Buddhism, Mindfulness, Zen, Zen practice

The Revealing Path

I walked from the house in Halawa toward the cliffs overlooking the ocean, near the Kauhola Lighthouse.  I followed the main trail for about five hundred yards until I came to a crossroads.  I had been there with the group, so I knew to turn left.  At the next T, I turned right.  I walked on and came to another T.  I didn’t know which way to go.  I was out for a hike, so it didn’t matter.  I turned right.  I followed the path as it passed through shrubs and thickets of trees, and crossed other paths.  I felt nervous that I would not be able to find my way back, so I turned around.  There was not another human being in sight.  I headed back down the path, looking for familiar intersections so I could tell where to turn to get back to the house.  Every path looked the same and none looked familiar.  I walked one way, turned and walk the other way, looking for any landmark that might tell me which way to go.  I was completely lost.  Everything looked the same.  I felt panic rising.  I thought that if I didn’t come back by dark, someone in the group would miss me and come looking.  I could not imagine being out there after dark.  I heard a noise and saw a woman walking toward me on the path.  I asked her how to get back.  She walked with me a long way to an intersection and told me to go straight from there.  When I got back to the house, I felt relieved, embarrassed, and humbled.  I mentioned to the group that hiking on the paths out on the bluffs was not something to take lightly.  The paths revealed nothing.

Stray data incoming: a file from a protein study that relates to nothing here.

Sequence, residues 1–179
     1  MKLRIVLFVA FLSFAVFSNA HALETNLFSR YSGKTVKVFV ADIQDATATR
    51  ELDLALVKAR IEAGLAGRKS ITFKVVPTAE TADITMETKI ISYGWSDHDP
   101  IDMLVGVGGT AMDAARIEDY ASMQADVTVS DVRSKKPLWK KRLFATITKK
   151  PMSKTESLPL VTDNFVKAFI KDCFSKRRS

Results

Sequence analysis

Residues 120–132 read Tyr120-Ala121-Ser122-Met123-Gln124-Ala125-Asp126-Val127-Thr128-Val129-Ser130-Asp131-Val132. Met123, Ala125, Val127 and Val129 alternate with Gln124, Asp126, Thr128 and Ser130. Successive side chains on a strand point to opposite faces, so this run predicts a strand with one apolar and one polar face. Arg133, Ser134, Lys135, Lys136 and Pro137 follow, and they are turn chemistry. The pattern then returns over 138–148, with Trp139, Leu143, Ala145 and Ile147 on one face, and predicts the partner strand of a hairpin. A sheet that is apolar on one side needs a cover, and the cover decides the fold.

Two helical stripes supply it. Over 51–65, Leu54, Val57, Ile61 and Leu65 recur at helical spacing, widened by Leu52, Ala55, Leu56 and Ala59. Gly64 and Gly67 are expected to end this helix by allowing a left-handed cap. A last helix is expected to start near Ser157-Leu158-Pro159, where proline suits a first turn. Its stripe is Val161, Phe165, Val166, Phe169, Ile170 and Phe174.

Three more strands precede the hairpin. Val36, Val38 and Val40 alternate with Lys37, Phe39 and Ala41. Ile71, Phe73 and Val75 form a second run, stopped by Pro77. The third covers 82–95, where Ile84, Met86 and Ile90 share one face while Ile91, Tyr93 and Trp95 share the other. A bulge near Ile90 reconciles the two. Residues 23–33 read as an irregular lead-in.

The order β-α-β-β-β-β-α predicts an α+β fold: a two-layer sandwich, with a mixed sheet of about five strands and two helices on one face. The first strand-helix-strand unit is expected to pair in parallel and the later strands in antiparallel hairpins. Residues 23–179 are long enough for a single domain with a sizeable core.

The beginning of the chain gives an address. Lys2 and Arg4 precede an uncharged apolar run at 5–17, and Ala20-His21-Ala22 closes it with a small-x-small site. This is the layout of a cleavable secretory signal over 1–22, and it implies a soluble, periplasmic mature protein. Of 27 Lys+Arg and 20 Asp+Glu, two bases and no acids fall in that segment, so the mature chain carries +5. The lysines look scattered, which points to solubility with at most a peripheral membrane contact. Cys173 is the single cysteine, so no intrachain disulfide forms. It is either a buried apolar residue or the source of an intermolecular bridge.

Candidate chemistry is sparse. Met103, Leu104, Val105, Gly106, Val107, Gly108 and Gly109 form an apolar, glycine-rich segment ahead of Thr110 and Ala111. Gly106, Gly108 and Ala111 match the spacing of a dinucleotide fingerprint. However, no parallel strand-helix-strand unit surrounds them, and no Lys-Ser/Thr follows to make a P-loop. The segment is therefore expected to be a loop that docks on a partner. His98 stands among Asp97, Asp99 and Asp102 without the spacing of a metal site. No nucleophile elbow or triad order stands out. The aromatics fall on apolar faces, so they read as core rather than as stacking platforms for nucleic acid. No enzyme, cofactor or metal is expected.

When we find our way on our spiritual journey, we look for a path that reveals the truth, as one teacher put it, “a path with a heart.”  We seek a path that is more about where we are than where we have been and are going. We need a path that liberates us. 

After Buddha realized nirvana, he gave his first talk to his small group of fellow seekers.  He described the Four Noble Truths. (Noble comes from the Sanskrit word, arya, meaning enlightened or noble person.  Noble is more about those who follow the path than it is about the path itself.)  The Fourth and final truth, the very way, Buddha said, to end dissatisfaction, alienation and anxiety in our lives is to follow the Noble Eightfold Path.  That’s the answer.  The key.  The revealing path.

Buddha said that he taught two things:  suffering (the essence of the first two Noble Truths) and the end of suffering (the essence of the last two Noble Truths).  It is said that in every one of the thousands of talks that he gave over a forty-year period, Buddha described some aspect of the Noble Eightfold Path.

 

 

 

 

 

 

 

 

 

 

 

 

 

 

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